Alameda Creek Alliance advocacy for a return of steelhead to the arroyos in the northern watershed led Zone 7 Water Agency to propose restoration projects which will remove or modify a dozen small fish passage barriers and restore more natural stream habitat along sections of Arroyo de la Laguna, Arroyo Mocho and Arroyo del Valle. The restoration projects are part of the agencys stream management plan for the creeks, arroyos and flood control channels of the Livermore-Amador Valley.
Saving Niles Canyon
The Alameda Creek Alliance is helping to protect the scenic beauty and habitat value of Niles Canyon, spearheading opposition to a destructive and unnecessary road widening project proposed by CalTrans in the canyon that would damage Alameda Creek. We helped organize massive opposition to the project, protests over tree-cutting, intense media scrutiny and filed a lawsuit challenging the inadequate environmental review. We have forced Caltrans to rescind the approval and abandon permits for phase one of the project, and start over on environmental review.
Caltrans is now promising a new approach to road safety projects in the canyon, based on the Federal Highway Administration conclusion that uniform highway widening is not warranted by the states safety data. Caltrans is now looking at several dozen immediate measures within the existing roadway that can be quickly and inexpensively implemented to reduce vehicle collisions and site-specific projects for five priority safety areas in the canyon to reduce accidents at those locations to levels below state averages.
Quarry Conservation Plans
In 2008 the Alameda Creek Alliance and Center for Biological Diversity signed a historic conservation agreement with mining company Oliver de Silva, Inc., regarding two already-approved quarry projects in the Sunol area - the proposed Apperson Ridge Quarry and the existing Sunol Valley Quarry. Long-term conservation plans will significantly reduce the quarries' biological impacts, improve measures to ease those impacts and add restoration elements for both quarries. The agreement will reduce the grading footprint on Apperson Ridge and delay Apperson Quarry operations until 2030, replace lost habitat at a high ratio, protect and enhance endangered species habitat, provide mitigation for any impacts to the Sunol tule elk herd, and provide significant funding for several major fish-passage projects to help restore steelhead trout in the watershed.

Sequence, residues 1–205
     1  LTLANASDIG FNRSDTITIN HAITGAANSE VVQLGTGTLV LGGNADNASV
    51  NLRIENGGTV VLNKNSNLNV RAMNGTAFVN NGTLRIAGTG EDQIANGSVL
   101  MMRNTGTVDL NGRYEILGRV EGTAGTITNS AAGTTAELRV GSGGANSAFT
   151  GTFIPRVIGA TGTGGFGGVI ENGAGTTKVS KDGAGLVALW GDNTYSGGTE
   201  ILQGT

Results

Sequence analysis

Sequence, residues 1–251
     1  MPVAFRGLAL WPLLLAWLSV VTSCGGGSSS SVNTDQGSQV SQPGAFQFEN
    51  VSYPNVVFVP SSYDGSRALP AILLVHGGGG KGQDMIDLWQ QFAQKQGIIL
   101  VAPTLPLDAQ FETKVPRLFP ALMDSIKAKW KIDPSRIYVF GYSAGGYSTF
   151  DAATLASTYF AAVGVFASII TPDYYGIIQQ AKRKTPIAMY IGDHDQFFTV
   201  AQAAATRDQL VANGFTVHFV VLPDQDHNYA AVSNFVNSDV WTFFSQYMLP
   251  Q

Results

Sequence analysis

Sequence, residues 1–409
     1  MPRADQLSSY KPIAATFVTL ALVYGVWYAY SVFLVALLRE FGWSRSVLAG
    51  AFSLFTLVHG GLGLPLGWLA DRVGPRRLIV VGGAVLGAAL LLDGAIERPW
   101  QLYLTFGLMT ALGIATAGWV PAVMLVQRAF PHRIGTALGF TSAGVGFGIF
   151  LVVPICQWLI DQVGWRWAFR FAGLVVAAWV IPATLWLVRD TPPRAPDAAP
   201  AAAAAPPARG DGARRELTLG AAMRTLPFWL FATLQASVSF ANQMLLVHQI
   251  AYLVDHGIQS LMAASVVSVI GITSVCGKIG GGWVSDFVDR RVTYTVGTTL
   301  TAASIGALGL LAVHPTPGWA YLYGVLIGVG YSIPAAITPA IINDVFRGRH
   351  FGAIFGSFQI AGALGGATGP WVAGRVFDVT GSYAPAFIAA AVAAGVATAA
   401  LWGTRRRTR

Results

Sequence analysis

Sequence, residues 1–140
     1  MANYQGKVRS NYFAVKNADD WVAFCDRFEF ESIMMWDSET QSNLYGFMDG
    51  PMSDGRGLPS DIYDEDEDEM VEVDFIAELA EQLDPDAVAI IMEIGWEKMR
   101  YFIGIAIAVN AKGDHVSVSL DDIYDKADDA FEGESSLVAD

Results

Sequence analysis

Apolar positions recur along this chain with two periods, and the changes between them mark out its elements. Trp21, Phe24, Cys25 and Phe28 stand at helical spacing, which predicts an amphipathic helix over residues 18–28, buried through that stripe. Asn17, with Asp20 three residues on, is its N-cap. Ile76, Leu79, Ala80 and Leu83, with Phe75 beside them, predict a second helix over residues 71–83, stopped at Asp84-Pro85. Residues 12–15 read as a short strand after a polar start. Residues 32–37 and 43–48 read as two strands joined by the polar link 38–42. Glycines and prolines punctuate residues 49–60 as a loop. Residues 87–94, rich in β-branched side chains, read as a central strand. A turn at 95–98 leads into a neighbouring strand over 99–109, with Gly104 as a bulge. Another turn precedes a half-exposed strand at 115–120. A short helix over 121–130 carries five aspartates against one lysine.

Staples Ranch Conservation Deal
The Alameda Creek Alliance and Center for Biological Diversity negotiated a conservation agreement with Alameda County in 2010 that provides nearly $1 million for habitat preservation as mitigation for grading impacts at the Staples Ranch development in Pleasanton. The agreement will fund protection of rare alkaline soil habitat and restore 85,000 square feet of riparian habitat along the Arroyos.
Kottinger Creek Restoration
The Alameda Creek Alliance helped the Friends of Kottinger Creek in Pleasanton to promote restoration of this tributary to Arroyo Valle. In 2006 the Pleasanton City Council unanimously approved the $1 million Kottinger Creek Restoration Project, completed in 2007.
Eastern Alameda County Bird Count
The Alameda Creek Alliance and Ohlone Audubon Society initiated an annual Eastern Alameda County Christmas Bird Count in 2009, a volunteer-based bird survey effort to assess long-term trends in winter bird populations and promote bird conservation in the Alameda Creek watershed. The annual count attracts 90 volunteers; the average count finds 150 bird species in a 15-mile radius circle in Pleasanton, Sunol and Livermore.
The Alameda Creek Alliance documented wild, adult steelhead attempting to migrate upstream in lower Alameda Creek most winters from 1997-2012. Questions about the origins of these fish led to studies showing that most trout in the watershed, including adult fish at the BART weir, resident rainbow trout and landlocked steelhead above reservoirs, are genetically related to the federally protected Central California Coast wild steelhead trout population. The Alameda Creek Alliance began a fish rescue program for steelhead stranded below dams and barriers in the lower creek; after plans were initiated to make all fish barriers passable to steelhead, this evolved into a program to radio-tag and monitor adult steelhead to learn about fish migration.
The Alameda Creek Alliance has involved hundreds of volunteers in fish rescues, creek cleanups, creek monitoring, and in assisting biologists in gathering scientific data essential to steelhead restoration.